Illustration is a huge contributor to the success of the creative industry, but we have a problem. We have reached a pivotal moment, and what we do now as an industry will define our future.
Despite illustration BAs being one of the fastest-growing undergraduate courses in the UK, the emerging talent can get lost in a way that design graduates do not. There is no real emphasis on the fact you will be freelance and are therefore starting a business. Business guidance, financial and legal advice or practical information about fees or how to earn a salary are not provided at university level. This contributes heavily to the majority of illustrators not proactively seeing themselves as a business. This is a worldwide issue with illustrators at all levels so it needs urgent action, which is why we are calling for an illustration revolution!
How do we suggest doing this? Well, it’s simple, but everyone needs to do their part. We are proposing that all illustrators take action by investing at least one hour ideally per day into the business side of your practice.
Illustration is booming, but illustrators are suffering
There has never been a better time to be an illustrator, and the global talent out there right now is mind-blowing! It’s possible to earn £40k to £50k a year, regardless of what areas of illustration you work in, but we don’t want it to take you 10+ years to get to that salary.
You are not just someone who likes to draw; you’ve chosen a career as an illustrator. You are a business and need to take the appropriate steps to ensure that you are at least financially stable.
Very rarely do illustrators understand the true value of their work for a client. They are the reason the advert was funny or successful, the reason why mummy or daddy picked up that children’s book, and the reason why I bought that awful bottle of wine last week (it had an awesome label with a giraffe on it!). Illustration communicates ideas, connects with audiences and makes sales in a way that nothing else can. This is the true value of illustration to the client, and this is the value of your fee.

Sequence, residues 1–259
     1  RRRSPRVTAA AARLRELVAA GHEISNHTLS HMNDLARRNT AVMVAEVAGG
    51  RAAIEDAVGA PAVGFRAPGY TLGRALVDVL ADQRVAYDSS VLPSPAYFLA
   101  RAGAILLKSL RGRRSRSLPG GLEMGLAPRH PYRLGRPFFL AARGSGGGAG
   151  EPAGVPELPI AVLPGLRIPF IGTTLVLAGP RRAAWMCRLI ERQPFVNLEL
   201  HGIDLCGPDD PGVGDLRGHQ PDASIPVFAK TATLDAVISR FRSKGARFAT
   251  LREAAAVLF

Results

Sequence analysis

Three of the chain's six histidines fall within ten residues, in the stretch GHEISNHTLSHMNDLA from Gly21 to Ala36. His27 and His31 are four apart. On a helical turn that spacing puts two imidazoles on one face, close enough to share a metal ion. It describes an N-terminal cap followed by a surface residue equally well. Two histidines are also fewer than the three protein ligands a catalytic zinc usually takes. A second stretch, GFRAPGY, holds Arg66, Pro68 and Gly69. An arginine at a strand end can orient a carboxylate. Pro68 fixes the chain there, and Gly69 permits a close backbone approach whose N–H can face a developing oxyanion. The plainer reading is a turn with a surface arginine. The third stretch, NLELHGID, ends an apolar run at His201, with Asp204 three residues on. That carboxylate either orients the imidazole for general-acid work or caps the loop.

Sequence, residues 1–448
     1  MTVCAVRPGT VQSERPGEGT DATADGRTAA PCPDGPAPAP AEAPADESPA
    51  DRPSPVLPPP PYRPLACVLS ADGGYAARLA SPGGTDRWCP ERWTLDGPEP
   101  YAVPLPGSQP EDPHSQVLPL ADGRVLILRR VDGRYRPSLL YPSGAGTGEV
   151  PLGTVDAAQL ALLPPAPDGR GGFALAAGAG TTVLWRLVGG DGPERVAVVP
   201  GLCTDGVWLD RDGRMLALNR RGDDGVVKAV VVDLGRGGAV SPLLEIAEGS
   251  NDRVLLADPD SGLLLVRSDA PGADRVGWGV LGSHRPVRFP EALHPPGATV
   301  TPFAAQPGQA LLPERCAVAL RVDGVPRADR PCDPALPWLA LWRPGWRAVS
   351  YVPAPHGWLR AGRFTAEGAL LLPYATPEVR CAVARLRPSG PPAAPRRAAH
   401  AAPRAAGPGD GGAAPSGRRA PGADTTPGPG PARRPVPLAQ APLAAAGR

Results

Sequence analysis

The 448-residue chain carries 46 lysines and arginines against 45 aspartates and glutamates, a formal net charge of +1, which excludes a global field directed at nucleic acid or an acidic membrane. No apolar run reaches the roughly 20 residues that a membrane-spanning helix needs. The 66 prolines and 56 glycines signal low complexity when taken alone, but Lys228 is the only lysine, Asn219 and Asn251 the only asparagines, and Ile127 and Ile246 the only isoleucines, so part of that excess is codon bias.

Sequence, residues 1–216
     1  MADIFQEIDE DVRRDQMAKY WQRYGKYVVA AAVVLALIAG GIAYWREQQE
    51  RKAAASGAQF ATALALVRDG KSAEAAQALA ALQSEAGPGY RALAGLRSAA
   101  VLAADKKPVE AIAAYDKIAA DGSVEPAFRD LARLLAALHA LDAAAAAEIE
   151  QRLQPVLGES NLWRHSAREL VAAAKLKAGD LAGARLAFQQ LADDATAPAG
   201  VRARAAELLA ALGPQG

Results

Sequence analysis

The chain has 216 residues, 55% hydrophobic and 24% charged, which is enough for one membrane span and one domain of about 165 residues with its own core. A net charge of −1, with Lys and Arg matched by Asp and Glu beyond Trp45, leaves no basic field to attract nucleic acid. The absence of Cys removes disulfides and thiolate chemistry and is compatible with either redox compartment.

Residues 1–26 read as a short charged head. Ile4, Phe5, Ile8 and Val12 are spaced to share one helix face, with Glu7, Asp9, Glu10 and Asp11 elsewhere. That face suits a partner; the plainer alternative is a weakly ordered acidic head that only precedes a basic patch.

Knowledge is lacking
Being business-minded often doesn’t come naturally for illustrators. Out of all the creative industries, I’d say they are the most likely candidates to work for free and undervalue themselves. Illustrators can lack client and contract negotiation skills, industry knowledge, and confidence. On top of this, the vast majority don’t understand the factors that go into pricing and licensing.
This means that many are not getting enough work and are not achieving the fees, clients and conditions they deserve. This weakens our community – because more illustrators are coming in and staying at this level – as well as creating space for anxiety to flourish.
“You are not just someone who likes to draw; you are a business and need to ensure that you are financially stable.”
Business education is a must
While many universities produce outstanding illustrators, supported by brilliant tutors and amazing programmes, there is still a shocking number of institutions where students are not encouraged to consider the commercial reality of their work. When we go into universities to deliver our Business Masterclass, it is often the first time that students have thought about their work in these terms.
The majority of illustration grads leave a course feeling lost when it comes to how to monetise their skills; they are not industry-ready. This is unfair on students who have spent years on a course that teaches a commercial art form, often leaving them in huge debt. This lack of support feeds into rapidly increasing mental-health issues.
In recent years, we’ve also noticed a rise in complacency from UK students. There seems to be an obsession with just getting the grade, with little awareness to the fact that it’s your portfolio that is integral to launching your career and determining its overall success. We also see a lot of UK illustration grads following trends or copying other illustration styles – and this urgently needs to change.
It’s great to talk about the issues facing our industry, but the only way that anything will actually change is for every illustrator to take action in their own lives. Every business decision they make affects others – agreeing to copyright assignments; not negotiating your contracts; undervaluing yourself. When you do this, commissioners will expect that of the next illustrator they commission.
Every job needs a contract, and every contract needs to be negotiated. If you don’t negotiate for fairer terms then the client won’t ever expect an illustrator to challenge them. This leaves you and your peers open to exploitation.